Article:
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Wednesday, July 13, 2011

Franchise Fee (a.k.a. Kickback)

Okay, here is a scenario for you:  I run a business and I want a monopoly in a particular geographic area for my specific service.  How do I do it?  Well I figure out a way so that I can charge my customers an extra fee and then funnel that money back to the governing entities that gave me monopoly rights.

The politicians win, as they get a new form of tax revenue just for giving me the monopoly.

I win because I get my secure monopoly.

The customers lose, because not only do they have to pay more for my service (with that "more" being the kickback), but they can't buy my specific services from a competitor.  Do they get the best possible service from me?  Honestly, it does't matter:  what matters is that I kick-back money to the city.  If another service provider offered a better, cheaper product it wouldn't matter, as the fee I charge and kick-back I provide is really what drives the decision to exclusively offer my services to the city.  Screw such esoteric concepts as "service" and "value".


Yes, here you have the City of Scranton's insane agreement with Comcast/Xfinity cable.  I like cable television...while I don't watch much of it, I have to confess a soft-spot for such educational programs as "Hoarders" and "Falling Skies".  Rumor has it I also have something called "On-Demand" that allows me to watch old shows.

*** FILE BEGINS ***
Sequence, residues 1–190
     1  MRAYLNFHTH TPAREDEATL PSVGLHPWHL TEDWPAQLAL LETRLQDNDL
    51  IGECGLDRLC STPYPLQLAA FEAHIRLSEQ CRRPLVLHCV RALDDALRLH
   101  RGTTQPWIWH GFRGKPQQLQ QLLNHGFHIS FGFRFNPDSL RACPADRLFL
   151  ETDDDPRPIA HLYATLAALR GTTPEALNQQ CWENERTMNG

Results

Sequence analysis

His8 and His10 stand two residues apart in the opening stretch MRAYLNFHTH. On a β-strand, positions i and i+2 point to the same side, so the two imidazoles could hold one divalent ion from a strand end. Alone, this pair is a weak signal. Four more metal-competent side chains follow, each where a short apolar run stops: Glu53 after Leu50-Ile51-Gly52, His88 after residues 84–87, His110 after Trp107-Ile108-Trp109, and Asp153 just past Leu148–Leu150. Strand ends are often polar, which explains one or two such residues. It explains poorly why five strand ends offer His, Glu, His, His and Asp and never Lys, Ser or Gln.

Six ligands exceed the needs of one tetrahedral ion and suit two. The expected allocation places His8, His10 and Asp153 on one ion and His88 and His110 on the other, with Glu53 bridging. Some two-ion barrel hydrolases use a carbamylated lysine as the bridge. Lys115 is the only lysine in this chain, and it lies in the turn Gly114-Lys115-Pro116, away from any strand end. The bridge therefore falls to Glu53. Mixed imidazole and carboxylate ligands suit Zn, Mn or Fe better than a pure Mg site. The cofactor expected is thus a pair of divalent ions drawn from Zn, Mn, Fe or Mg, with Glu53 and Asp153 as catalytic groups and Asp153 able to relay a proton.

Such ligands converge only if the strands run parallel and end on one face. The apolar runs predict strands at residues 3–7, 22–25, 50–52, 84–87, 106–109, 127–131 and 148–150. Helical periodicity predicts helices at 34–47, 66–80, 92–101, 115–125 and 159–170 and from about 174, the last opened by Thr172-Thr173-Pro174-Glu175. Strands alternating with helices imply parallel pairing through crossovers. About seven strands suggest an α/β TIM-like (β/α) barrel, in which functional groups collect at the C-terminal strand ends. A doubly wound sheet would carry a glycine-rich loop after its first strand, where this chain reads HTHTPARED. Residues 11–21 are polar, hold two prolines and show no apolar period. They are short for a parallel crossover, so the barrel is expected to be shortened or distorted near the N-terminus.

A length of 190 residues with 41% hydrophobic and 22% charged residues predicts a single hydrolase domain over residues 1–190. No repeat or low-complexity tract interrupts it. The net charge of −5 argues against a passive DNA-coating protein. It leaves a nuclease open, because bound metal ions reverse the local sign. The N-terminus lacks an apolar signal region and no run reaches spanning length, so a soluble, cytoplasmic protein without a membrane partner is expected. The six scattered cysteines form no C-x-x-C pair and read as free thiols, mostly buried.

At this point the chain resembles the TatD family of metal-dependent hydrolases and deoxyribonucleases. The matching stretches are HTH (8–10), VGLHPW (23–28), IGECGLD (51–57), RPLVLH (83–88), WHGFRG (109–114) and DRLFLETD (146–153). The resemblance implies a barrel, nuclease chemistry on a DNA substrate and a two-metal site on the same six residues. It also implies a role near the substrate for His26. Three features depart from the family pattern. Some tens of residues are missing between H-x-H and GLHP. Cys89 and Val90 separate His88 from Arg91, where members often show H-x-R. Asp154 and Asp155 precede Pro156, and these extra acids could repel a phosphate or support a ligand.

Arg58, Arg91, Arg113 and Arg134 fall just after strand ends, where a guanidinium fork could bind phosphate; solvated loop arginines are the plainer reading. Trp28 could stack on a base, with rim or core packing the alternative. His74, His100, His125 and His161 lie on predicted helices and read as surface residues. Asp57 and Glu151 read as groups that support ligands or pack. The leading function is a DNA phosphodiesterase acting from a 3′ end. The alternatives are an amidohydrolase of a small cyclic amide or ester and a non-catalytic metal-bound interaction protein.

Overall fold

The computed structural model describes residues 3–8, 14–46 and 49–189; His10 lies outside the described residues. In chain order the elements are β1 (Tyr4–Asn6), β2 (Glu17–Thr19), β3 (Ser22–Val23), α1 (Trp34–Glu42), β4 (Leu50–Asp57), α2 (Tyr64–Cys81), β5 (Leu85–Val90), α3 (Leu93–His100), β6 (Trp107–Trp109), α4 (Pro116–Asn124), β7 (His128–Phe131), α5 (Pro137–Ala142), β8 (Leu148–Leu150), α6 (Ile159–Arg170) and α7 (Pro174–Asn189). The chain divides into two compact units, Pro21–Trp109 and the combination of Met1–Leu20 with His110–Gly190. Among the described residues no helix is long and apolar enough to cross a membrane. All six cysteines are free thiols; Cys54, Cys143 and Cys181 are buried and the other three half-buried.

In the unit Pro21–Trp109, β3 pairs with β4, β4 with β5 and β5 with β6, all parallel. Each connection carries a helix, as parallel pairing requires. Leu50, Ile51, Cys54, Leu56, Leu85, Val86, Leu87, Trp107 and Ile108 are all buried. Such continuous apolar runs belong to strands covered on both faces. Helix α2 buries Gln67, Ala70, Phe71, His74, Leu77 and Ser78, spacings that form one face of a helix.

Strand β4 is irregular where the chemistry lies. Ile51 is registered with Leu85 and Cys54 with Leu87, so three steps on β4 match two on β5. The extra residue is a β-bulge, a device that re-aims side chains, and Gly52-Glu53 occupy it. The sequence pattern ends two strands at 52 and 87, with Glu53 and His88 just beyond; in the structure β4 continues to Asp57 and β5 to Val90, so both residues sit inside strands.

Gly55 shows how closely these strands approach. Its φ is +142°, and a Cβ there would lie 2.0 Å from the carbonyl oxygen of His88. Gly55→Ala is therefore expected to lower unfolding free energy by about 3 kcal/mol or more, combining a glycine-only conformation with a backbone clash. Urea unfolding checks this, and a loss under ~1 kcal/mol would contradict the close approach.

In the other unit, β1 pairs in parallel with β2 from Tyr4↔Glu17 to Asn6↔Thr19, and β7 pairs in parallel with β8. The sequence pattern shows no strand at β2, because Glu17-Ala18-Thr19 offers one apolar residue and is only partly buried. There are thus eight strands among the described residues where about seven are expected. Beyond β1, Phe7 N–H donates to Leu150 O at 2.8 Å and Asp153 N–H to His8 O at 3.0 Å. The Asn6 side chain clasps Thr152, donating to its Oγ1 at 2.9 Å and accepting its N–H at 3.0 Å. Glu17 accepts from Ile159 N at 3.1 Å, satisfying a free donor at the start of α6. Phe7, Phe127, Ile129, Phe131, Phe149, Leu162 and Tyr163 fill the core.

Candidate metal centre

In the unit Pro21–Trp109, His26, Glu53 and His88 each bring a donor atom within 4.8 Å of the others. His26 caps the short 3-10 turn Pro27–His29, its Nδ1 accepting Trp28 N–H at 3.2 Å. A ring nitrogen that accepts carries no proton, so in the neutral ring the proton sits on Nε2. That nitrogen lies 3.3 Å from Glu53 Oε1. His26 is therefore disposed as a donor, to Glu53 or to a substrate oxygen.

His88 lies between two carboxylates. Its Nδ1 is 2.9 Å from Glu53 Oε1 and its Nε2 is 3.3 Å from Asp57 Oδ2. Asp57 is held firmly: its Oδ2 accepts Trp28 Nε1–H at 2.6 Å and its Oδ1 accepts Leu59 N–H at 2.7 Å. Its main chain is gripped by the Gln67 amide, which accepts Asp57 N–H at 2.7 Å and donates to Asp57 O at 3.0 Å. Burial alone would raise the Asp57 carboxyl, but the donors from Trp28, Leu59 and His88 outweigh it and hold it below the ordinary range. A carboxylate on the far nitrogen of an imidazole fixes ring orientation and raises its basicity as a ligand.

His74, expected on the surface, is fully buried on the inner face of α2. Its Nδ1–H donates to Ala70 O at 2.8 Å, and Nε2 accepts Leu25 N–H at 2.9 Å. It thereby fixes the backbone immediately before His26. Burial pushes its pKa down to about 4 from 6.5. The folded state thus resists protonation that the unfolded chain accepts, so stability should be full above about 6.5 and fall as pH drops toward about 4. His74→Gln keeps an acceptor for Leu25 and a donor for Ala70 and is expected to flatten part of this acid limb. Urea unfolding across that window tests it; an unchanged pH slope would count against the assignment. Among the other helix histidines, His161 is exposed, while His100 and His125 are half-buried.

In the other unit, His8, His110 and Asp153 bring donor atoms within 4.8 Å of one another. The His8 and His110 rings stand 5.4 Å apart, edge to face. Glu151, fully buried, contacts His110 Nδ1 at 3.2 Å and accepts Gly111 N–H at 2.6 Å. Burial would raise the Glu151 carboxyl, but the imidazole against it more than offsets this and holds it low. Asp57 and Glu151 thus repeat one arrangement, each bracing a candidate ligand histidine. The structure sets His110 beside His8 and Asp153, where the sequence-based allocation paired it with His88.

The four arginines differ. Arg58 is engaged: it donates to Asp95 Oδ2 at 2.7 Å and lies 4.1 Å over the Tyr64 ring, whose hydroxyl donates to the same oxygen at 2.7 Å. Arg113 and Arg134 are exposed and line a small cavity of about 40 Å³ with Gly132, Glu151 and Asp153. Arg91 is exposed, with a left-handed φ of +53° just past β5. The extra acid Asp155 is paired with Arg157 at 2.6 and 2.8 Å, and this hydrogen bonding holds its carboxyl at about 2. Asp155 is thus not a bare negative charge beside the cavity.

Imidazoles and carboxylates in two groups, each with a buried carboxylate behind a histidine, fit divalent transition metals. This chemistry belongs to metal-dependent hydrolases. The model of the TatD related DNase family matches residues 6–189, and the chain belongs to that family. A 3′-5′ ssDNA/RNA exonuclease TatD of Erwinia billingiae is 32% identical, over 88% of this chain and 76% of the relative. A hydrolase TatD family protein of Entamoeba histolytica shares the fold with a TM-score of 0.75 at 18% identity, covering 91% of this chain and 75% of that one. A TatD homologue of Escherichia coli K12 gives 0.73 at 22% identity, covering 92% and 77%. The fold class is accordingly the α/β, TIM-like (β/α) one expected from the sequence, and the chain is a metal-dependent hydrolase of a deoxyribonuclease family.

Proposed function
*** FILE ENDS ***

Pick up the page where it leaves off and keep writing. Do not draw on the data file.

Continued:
What I don't know though is whether or not Comcast offers the best possible value to the residents of the City of Scranton.  Nor will I ever know, because as long as Comcast has this franchise fee arrangement with the city, they are virtually guaranteed to continue the monopoly they have always enjoyed.

Now could I move to, say, satellite dish service? Sure I could, but that misses the point of this rant.  What point?  Simply that a franchise fee is just another back-door tax, all be it with a pretty dress on and sweet smelling perfume designed to mask the stench of things like inefficiency, greed, corporate welfare and ineffective/self-serving politicians.

Now I understand that the City of Scranton's contract with Comcast lasts something like a billion years (kind of like the contract Scientologist sign with the C of $), but when it eventually comes up, maybe some genius on North Washington avenue can actually consider the concept of eliminating monopoly cable service in Scranton.  Maybe.

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